National civil rights groups sued Georgia’s top elections official and Republican candidate for governor, Brian Kemp, on Thursday after the Associated Press reported that 53,000 people who submitted voter registration applications have been blocked from the voter rolls. Seventy percent of these applicants, who are now on a “pending” list, are black, even though Georgia is only 32 percent African American.
Georgia’s voter registration process “works in concert with historical, socioeconomic, and other electoral conditions in Georgia to deny African-American, Latino, and Asian-American voters an equal opportunity to register to vote and participate in the political process, in violation of Section 2 of the Voting Rights Act,” the groups, which include advocates for African American, Latino, and Asian American communities, allege in the complaint. They claim that the process, which disproportionately blocks minorities from registering to vote, violates their constitutional rights, including equal protection under the law.
The situation highlights the conflicts of interest that arise when a partisan election official oversees the administration of his own election, where incentives are in place to restrict voters who support the other party. Kemp’s Democratic opponent, Stacey Abrams, called on him to resign Thursday over the revelation.
Kemp’s office has explained that the large number of people on its “pending” list is a result of an “exact match” policy, a process by which election officials run every new registration application against the state’s Department of Driver Services database or Social Security Administration records. If an applicant’s information does not precisely match the previously stored information, their registration is marked as pending. If the issue is cleared up in 26 months, the person is added to the rolls. If not, their registration is canceled.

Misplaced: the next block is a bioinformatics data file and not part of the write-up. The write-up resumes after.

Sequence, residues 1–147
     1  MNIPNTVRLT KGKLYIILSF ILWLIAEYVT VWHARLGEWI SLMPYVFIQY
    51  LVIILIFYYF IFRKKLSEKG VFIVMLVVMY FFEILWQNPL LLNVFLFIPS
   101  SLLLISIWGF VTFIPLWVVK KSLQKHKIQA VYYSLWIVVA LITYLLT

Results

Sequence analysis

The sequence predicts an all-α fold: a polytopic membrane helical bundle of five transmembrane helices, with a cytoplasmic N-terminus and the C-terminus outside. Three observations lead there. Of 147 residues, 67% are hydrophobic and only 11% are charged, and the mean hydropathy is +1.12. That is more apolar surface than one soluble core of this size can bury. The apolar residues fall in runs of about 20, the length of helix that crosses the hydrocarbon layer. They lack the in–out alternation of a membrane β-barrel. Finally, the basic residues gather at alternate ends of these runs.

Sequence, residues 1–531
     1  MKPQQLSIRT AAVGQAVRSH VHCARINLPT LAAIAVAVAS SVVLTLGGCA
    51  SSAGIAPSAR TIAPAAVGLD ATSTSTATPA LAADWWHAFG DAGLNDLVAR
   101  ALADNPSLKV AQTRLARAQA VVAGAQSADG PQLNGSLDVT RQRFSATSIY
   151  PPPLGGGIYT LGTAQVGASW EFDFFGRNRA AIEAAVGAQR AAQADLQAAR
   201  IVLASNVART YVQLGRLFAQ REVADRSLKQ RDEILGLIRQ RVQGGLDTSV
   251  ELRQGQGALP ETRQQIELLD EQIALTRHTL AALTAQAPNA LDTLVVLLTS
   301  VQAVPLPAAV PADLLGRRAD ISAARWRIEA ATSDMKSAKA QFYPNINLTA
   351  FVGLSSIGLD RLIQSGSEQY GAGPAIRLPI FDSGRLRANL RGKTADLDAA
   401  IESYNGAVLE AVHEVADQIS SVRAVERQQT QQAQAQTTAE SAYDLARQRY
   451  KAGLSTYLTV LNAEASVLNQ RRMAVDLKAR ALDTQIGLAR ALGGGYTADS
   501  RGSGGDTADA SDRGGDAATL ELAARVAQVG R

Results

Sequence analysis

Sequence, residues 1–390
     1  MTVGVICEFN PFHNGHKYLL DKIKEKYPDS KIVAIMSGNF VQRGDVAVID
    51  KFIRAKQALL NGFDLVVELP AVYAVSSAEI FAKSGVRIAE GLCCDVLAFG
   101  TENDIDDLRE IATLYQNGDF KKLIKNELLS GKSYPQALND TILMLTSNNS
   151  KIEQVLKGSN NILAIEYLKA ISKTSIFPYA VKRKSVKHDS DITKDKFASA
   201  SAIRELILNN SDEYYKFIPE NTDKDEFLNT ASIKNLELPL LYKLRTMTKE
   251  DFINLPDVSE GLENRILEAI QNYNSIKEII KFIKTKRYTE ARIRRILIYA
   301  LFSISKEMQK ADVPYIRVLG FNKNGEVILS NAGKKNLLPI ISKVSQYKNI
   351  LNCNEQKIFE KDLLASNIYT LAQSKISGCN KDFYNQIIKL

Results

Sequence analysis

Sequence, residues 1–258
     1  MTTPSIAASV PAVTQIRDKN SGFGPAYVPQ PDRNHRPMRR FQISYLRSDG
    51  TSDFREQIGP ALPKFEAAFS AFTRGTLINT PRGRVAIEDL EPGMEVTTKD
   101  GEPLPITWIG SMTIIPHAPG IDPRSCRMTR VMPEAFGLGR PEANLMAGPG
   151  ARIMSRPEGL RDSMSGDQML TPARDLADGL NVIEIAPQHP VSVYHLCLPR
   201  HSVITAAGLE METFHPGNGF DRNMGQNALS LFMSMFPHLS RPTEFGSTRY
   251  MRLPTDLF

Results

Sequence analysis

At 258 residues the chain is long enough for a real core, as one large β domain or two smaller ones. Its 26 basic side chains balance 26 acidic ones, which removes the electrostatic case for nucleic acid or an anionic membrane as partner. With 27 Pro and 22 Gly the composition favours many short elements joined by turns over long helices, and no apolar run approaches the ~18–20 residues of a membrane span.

“If there is one person in Georgia who knows that the ‘Exact Match’ scheme has a discriminatory impact on minority voters, it’s Brian Kemp, because we successfully sued him over a mirror policy in 2016,” Kristen Clarke, president and executive director of the Lawyers’ Committee for Civil Rights Under Law, one of the groups that sued Thursday, said in a statement.
Clarke is referring to a lawsuit her group filed in 2016 over a nearly identical process Kemp’s office utilized for almost seven years, which he defended as a means to combat voter fraud and maintain the integrity of Georgia elections. In 2017, Kemp’s office ultimately agreed to a settlement that effectively ended the process. The lawsuit attempted to demonstrate the policy’s disproportionate effect on minority voters. But shortly after the settlement, the Georgia legislature passed a law requiring a similar match process, and Kemp implemented it. The major difference between the old and new “exact match” rule was that the new one had a 26-month period for voters to resolve the issue, whereas the first one allowed just 40 days before the registration was canceled.
The 53,000 people currently on pending status can still cast a regular ballot in November, as long as they provide an accepted form of photo ID at the polls, as required by Georgia’s voter ID law. Voting rights groups fear, however, that across Georgia’s 159 counties, the policy will not be applied uniformly or correctly, and that some people will be asked to cast provisional ballots instead, or that voters will believe that they are not eligible to cast a ballot at all. Moreover, if these voters do not vote in 2018, their pending status could result in canceled registrations ahead of the 2020 election, a possibility highlighted in Thursday’s lawsuit. The policy “will undoubtedly result in the cancellation of pending applications that are facially complete and accurate before the 2020 Presidential election cycle,” the groups allege.